Build in the mid-13th century (around 1250), Konark Sun Temple is one of the best historical monuments we have in the world. The temple is located in Orissa in India. It is supposed to be built by King Narasimhadeva I, who was the king of the Eastern Ganga Dynasty. The temple is also very famous by the name Black Pagoda. This is because European Sailors used to treat is as a landmark and due to the dark color of the temple they named this landmark as Black Pagoda. The structure is not well in shape now and most of it has been ruined. The UNESCO World Heritage has recognized this temple under their World Heritage Sites in the year 1984. It has been listed as one of ‘the Seven Wonders of India’ listed independently by Times Of India and NDTV. The term Konark is derived from two Sanskrit words: Kona meaning corner and Arka which means Sun. This temple is for the worship of Sun God, Surya Dev, of Hindus and is thus named as ‘Konark’. The original temple was built near the mouth of the Chandrabhaga River, the waterline of which has receded from there over time.
The structure of the temple is that of a giant Chariot for the God Surya (Sun God). There are 12 pairs of wheels that are made after carving stones. Some of these wheels have a diameter of 3 meters. This chariot is pulled by 7 horses’ pairs. The temple is cleverly oriented to east because they wanted first rays of the sun to strike the entrance of the temple. The Khondalite Rocks were used to construct this temple and the architectural style of the temple is exactly like the traditional Kalinga architecture.
There used to be a main Sanctum Sanctorum, called the Vimana, in the temple originally. The image shows that shaded portion is still standing while the white portion has ruined and collapsed. It was 229 feet tall which later fell off. There is an audience hall behind that which is called Jagamohana having a height of 128 feet and is now the main and principal structure of the remaining portions of the temple. There is Nata Mandira (which means a dance hall) and also a Bhog Mandapa (which means a dining hall) that has survived after the ruins. There are erotic sculptures of maithunas made on the temple and the temple has been popular because of these as well. The fallen sculptures from the original temple are collected and maintained at the Konark Archaeological Museum and are handled by the Archaeological Survey of India.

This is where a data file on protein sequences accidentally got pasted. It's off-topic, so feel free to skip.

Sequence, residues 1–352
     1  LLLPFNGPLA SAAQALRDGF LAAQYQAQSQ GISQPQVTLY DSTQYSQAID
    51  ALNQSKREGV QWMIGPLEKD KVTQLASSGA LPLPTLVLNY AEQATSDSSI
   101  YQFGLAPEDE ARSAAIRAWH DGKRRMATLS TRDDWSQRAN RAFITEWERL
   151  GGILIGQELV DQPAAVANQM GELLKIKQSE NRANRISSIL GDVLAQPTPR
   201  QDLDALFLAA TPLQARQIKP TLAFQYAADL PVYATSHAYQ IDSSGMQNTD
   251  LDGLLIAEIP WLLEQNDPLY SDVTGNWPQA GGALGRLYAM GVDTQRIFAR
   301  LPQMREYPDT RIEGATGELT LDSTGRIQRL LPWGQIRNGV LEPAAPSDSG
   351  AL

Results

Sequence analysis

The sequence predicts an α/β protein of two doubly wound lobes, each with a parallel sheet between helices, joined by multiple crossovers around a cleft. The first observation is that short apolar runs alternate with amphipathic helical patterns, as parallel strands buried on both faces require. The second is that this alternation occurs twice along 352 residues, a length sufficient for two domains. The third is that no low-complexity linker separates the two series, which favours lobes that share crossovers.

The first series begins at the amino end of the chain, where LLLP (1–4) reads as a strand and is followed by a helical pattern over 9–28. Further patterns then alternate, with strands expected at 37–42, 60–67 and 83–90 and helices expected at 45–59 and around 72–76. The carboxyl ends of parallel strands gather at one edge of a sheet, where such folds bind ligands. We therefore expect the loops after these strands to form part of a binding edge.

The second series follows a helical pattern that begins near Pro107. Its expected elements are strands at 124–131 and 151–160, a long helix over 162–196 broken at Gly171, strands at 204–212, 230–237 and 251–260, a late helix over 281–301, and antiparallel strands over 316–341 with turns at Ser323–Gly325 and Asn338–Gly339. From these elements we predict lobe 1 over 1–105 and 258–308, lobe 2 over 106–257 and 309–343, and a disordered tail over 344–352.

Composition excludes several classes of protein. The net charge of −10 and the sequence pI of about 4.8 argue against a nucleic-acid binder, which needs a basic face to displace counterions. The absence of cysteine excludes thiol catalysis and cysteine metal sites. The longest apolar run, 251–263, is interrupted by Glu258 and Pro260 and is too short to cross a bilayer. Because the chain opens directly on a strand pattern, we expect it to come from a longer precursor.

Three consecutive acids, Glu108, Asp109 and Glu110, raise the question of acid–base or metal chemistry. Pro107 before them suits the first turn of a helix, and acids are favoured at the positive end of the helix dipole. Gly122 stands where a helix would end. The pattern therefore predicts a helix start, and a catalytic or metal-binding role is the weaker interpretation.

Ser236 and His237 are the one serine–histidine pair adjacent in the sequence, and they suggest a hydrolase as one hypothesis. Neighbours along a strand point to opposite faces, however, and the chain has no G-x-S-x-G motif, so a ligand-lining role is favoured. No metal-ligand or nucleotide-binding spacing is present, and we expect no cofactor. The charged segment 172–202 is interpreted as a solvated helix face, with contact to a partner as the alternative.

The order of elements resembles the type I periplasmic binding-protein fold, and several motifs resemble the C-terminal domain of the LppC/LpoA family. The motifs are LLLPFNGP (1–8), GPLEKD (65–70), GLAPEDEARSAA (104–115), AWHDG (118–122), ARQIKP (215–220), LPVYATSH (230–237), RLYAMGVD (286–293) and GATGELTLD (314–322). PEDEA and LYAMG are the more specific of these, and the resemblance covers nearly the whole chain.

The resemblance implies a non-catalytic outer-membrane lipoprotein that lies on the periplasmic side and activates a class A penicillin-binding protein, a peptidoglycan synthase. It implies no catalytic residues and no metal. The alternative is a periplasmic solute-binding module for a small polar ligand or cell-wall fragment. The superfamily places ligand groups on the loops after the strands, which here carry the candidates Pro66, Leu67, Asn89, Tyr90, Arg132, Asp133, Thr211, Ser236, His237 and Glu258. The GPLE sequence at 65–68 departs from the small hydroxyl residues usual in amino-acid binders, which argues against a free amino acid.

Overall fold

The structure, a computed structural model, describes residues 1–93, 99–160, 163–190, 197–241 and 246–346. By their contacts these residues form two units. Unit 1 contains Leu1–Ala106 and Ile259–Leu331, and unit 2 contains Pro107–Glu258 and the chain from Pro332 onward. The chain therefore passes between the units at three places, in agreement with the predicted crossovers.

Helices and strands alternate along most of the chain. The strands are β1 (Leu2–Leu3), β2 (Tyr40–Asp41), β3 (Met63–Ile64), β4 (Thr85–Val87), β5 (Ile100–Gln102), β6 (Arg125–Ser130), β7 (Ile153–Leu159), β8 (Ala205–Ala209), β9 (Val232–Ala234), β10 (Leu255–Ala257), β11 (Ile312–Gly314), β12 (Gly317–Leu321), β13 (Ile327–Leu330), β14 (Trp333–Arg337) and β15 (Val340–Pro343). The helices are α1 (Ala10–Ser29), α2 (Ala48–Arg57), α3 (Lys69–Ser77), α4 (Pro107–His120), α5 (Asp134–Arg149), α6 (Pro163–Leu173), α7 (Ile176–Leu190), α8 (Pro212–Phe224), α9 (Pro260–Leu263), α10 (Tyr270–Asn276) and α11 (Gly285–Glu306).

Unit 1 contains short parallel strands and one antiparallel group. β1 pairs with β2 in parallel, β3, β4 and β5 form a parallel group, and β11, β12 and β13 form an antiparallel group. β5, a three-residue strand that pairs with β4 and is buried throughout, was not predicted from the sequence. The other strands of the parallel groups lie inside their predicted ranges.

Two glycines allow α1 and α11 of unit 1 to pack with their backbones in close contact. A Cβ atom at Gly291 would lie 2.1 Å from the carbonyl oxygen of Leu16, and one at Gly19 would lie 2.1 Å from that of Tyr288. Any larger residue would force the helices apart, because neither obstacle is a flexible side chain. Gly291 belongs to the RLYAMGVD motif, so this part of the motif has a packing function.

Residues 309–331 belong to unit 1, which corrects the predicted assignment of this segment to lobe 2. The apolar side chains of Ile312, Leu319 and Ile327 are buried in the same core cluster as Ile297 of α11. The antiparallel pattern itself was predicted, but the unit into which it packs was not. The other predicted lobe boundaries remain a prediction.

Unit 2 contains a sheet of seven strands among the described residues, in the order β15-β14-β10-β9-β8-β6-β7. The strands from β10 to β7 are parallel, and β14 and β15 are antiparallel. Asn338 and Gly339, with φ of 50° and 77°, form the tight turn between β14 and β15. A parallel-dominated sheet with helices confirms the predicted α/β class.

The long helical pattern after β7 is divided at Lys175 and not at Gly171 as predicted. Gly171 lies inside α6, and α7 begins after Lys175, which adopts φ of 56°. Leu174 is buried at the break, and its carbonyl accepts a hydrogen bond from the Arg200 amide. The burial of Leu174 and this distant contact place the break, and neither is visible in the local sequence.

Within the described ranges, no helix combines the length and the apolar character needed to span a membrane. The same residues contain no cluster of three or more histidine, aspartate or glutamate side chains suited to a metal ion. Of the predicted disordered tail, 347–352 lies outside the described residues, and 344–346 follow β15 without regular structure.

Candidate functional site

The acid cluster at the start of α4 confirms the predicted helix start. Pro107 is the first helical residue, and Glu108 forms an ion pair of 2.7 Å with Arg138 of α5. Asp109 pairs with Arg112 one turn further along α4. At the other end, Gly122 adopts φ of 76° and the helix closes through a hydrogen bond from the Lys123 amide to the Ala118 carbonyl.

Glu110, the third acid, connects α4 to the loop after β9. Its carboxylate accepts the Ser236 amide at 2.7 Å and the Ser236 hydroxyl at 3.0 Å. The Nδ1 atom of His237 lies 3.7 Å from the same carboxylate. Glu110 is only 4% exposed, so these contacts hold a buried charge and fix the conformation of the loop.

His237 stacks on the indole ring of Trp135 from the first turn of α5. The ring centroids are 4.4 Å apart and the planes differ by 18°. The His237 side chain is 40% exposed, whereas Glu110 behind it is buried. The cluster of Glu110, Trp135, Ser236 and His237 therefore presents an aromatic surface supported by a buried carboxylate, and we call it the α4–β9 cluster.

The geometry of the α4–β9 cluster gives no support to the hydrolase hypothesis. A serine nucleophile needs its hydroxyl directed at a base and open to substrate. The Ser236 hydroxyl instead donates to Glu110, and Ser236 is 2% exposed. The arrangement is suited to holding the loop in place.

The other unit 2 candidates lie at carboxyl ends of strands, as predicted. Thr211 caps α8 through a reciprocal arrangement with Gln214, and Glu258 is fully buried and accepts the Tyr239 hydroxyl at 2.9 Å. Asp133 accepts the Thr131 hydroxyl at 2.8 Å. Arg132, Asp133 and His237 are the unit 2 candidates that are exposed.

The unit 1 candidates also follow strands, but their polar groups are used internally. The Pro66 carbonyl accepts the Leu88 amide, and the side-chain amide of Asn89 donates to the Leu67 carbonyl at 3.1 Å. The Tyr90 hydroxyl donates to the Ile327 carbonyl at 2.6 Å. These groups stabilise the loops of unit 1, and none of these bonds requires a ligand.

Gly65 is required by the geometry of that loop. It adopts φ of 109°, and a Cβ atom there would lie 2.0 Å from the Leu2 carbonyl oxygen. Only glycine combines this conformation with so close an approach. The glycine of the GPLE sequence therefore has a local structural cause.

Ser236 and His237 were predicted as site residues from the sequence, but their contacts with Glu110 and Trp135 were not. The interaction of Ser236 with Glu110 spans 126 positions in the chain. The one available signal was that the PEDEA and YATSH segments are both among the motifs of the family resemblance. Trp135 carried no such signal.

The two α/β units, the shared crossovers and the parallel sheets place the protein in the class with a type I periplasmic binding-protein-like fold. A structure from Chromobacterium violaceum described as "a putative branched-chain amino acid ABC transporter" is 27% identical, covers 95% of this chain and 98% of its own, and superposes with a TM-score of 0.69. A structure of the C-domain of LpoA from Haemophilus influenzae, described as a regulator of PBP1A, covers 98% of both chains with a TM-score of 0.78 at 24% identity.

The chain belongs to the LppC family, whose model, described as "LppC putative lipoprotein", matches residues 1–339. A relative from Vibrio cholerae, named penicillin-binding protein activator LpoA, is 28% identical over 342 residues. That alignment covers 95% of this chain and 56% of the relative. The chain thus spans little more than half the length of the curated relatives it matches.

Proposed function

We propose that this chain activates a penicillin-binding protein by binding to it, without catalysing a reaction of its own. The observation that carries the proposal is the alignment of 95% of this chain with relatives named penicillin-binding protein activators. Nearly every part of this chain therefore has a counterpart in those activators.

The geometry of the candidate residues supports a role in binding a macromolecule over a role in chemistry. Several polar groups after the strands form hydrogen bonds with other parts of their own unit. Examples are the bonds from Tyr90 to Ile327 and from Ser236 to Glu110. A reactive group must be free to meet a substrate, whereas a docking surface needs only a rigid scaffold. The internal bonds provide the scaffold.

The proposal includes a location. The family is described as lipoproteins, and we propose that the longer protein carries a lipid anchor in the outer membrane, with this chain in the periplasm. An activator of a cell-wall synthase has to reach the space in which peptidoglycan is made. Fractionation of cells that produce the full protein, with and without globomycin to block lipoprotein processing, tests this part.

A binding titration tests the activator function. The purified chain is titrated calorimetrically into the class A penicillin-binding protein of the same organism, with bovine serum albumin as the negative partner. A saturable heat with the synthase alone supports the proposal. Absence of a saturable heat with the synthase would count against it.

There is no exact date known about the collapse of the main sanctum of this temple. Nobody knows the correct reason of the collapse but there are a lot of theories proposed by various experts. It is evident from the Kenduli copper Plates of the rule of Narasimha IV (during 1384) that the temple is in perfect state and there is nothing ruined till that period. The accounts of the Ain-i-AKbari, Abil Fazl mentions the temple’s perfect condition and cost of construction was equivalent to collective revenue of 12 years. This was in the 16th century. Many believe that reason of the collapse is Kalapahad who, in 1568, invaded Odisha (Orissa). There are texts which state that the idol of Sun God – Surya was moved from Konark to Jagannath Temple in Puri under the orders of King Khundra in the year 1627. James Fergusson visited the Sun Temple in 1837 and reported that there was standing a corner of main sanctum which later collapses in the year 1848 because of a strong gale. He gave the opinion that the temple collapsed because of the marshy foundation. But later researches showed that no sign of sinking was found in the foundation of the temple. Another historian, Percy Brown said that the reason for the collapse and ruins is that the Konark Temple was not completely constructed and never completed properly. But this is completely opposite to texts that state the proper condition of the temple. Others proposed theories of earthquakes and lightning. There was an analysis taken under in 1929 where they studied a rock covered with moss and estimated that abandonment was around 1573.
The worship in the temple was ceased towards the end of the 18th century. There was a pillar named as Aruna Stambha at the main entrance to the temple. After the ban on worship in the temple, this Aruna Stambha was placed in the Jagannath Temple at the Singha-Dwara or Lion’s Gate. The pillar is named Aruna because it was the name of the chariot of the Sun God. Outside this Sun Temple, you will find many trees including rosewood, eel, mahogany, etc. On the temple, there are various sculptures and images drawn over the walls. They have animal figures such as snakes, elephants, giraffe, etc. other Mythological images and sculptures in the walls include that of Lord Shiva, Lord Vishnu and Goddess Shakti. There are beautiful women in seducing poses crafted on the wall of the temple. Near the Konark temple, you can find the remnants of Vaishava Temple and Mahagayatri Temple.
Many preservation efforts have been taken to preserve the ancient art and history of Indian culture. In 1803, a request to move the stones of the temple’s main sanctum was made by the East India Marine Board to the Governor General who refused. If he had not refused at that time, the part of the main building which was standing could have been preserved and not collapsed in 1848. After this case of 1803, Raja of Khurda used the stones and sculptures from Konark temple to build another temple. In 1894, 13 sculptures were taken to Indian Museum. In 1903, the temple was filled with sand to prevent further collapse of the Jagamohana. The temple is sealed since then and nobody is allowed to enter the temple’s Jagamohana.